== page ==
Since having her son, Albee, eight months ago, Corinne has come to learn that her passion for surfing cannot always come first, with motherhood impacting on every single aspect of her life, something she has had to adjust to. "I am no longer number one, everything changed when Albee was born, but it changed for the better. My life suddenly felt richer, with more purpose, both of which I didn't ever expect to experience."
Since having Albee, Corinne has been far more conscious about the work that she does, as well as the brands that she associates herself with. "I am more aware of how my life and work will impact my son's development. I still surf and work because I need to have a life away from motherhood and it has changed my life and my work in numerous ways. I think some brands thought I would give everything up, especially the modelling side, but this isn't the case. If anything I am more determined than ever to show my son that I can be successful."
I ask Corinne what one piece of advice, she would give to future mums-to-be, who are also lovers of the great outdoors; she insists that it's important to continue doing what you love.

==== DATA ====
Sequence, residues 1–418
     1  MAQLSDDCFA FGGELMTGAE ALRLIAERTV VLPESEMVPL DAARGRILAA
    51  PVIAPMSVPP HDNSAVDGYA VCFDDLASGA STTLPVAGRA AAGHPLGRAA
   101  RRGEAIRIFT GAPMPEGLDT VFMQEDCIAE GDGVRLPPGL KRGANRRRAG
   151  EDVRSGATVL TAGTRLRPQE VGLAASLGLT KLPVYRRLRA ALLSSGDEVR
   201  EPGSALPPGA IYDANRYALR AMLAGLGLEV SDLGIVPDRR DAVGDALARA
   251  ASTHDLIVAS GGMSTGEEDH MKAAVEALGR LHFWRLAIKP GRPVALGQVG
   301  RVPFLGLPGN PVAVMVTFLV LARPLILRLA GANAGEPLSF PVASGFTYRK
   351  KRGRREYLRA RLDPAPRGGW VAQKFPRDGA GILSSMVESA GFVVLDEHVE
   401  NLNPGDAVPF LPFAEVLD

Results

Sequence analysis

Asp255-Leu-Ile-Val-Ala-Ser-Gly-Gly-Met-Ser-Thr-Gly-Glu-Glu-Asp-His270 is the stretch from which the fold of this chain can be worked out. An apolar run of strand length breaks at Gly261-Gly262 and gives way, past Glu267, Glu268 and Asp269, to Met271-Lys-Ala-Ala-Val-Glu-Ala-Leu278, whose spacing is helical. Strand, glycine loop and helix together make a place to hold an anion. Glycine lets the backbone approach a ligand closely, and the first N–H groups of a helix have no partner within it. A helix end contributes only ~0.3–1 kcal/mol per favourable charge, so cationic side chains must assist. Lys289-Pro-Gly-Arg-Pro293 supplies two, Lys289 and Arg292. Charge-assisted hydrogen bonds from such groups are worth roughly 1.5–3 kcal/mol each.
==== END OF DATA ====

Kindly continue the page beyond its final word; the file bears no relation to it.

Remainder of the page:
"I would say now more than ever you're going to need those moments of calm, to escape and take time for yourself. It may take a little more organisation and the chances are you won't be able to surf every time the waves are good but when you do, you're going to feel a new love and appreciation for the sport. As for getting outside, it's terrific for children's development. I try to get out once a day at least. I need it as much as Albee, so try not a deprive yourself."
Within Corinne's new role as a mother, she is exploring how she can connect other adventure-mums, in particular with her start-up community group Rad Mum Club, open to all mothers and expecting mothers.
As a new mum, Corinne experienced days where she felt lonely and longed for people to connect with and chat to.
"I remember thinking to myself I cannot be the only mother to feel like this and from that, the Rad Mum Club was born! The community group offers a way to connect mums who love adventure, exercise, the ocean as well as those who are feeling a little lonely. It's a club that welcomes everyone and although still in the development stage, I have big plans and feel excited to see how this community will grow and develop over the coming months."
Corrine hopes to eventually set up clubs all over the UK, with monthly meet-ups, retreats, and a website with content to help mothers struggling within their new role. "The main thing I want to achieve, is to help mothers who are going through a hard time, by connecting them with other mothers who feel the same."